A-level talent is already plugged into new technology. They are savvy and comfortable with using online job-search resources and are occupationally mobile. They are the antithesis to traditional labor concepts. And as you read this article, they are already roving the internet, tapping colleagues and looking for new opportunities.

So how do you find and acquire them? The simple answer is: Get on the internet. But the true answer is deeper and messier than that. You are going to have to fully commit to plugging into technology and the internet to source great talent. In addition to technology – people in general have changed.  They want personalized experiences in their job search, faster and easier methods to apply, efficient means of displaying their skills, and constant communication throughout the process. In order to find great talent, you must be engaged and active in all of these tactics and opportunities simultaneously, around the clock. And let’s be honest, if you had the time, money, resources and know-how to do this, you would already be doing it. Maybe you’ve tried some of these tactics to no avail. But chances are you need help.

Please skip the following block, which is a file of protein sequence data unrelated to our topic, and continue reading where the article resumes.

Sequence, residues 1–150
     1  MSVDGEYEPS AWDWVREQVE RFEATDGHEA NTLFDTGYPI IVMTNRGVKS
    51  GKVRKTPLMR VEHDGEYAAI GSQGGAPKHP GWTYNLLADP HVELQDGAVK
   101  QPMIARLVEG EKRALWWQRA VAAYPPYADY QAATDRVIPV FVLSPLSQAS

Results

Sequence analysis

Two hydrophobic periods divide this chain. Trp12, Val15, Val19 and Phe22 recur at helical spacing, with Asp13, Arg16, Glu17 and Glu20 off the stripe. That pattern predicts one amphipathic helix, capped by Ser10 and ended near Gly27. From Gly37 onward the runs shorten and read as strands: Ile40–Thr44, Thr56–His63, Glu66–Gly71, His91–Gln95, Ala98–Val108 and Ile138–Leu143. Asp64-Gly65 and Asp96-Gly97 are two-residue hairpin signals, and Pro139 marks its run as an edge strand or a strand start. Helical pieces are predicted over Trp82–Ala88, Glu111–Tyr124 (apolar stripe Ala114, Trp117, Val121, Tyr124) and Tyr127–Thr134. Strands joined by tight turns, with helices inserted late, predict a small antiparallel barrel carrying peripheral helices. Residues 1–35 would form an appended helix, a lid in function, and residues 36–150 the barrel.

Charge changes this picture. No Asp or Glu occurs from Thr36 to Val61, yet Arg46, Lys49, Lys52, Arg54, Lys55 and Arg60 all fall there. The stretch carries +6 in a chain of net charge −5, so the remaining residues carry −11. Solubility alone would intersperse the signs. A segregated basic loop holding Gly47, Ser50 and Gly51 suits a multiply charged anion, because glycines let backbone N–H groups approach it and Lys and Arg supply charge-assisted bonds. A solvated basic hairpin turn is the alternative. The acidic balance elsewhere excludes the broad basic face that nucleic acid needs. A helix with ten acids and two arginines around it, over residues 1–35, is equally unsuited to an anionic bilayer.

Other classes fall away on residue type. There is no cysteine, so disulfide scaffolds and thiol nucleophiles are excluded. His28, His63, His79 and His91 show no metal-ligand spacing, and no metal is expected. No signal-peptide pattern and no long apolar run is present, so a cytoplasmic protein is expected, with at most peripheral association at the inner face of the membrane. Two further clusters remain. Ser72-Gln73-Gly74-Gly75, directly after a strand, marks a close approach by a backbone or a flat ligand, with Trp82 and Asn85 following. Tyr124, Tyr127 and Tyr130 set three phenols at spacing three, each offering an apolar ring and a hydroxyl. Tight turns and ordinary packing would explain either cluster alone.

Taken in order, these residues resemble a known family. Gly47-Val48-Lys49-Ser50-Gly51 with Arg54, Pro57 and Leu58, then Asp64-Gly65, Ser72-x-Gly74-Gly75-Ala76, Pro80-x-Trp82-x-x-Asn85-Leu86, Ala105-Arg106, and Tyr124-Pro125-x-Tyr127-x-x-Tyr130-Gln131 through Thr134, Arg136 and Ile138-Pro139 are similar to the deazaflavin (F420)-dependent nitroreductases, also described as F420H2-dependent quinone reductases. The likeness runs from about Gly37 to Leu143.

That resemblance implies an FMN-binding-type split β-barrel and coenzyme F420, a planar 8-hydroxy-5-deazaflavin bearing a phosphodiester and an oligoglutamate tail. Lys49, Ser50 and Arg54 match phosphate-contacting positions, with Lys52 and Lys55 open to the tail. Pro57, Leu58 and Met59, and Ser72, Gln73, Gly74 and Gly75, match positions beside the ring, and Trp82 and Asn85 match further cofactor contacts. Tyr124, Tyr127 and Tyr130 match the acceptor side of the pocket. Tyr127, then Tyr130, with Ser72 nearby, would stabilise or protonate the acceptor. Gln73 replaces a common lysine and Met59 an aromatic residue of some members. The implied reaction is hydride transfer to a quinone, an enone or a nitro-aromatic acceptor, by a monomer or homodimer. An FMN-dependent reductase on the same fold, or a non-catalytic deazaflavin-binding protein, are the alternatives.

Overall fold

By engaging these new mediums and tactics to source A-level talent along with the tried and true recruiting fundamentals, you will build the visibility and credibility of your brand. And when you do that, the tables are turned: A-level talent comes looking for you.

People also need to consider how they can best add value. The complexity of the recruitment landscape means becoming bogged down in transactional tasks, at the expense of more strategic priorities – acquiring A-level talent.
As a result, people and companies are shifting their focus to outsourcing the talent acquisition function as they realize they cannot (and should not) be all things to all people.

Outsourcing some of the functionality can free time and resources for people to start to look at how they are meeting more important and strategic goals. You need a partner who’s plugged into understanding your industry landscape, the competencies a candidate must have to succeed in delivering your projects, and the quickest and cheapest way to beating your competitors to the best talent.

Archability is that partner.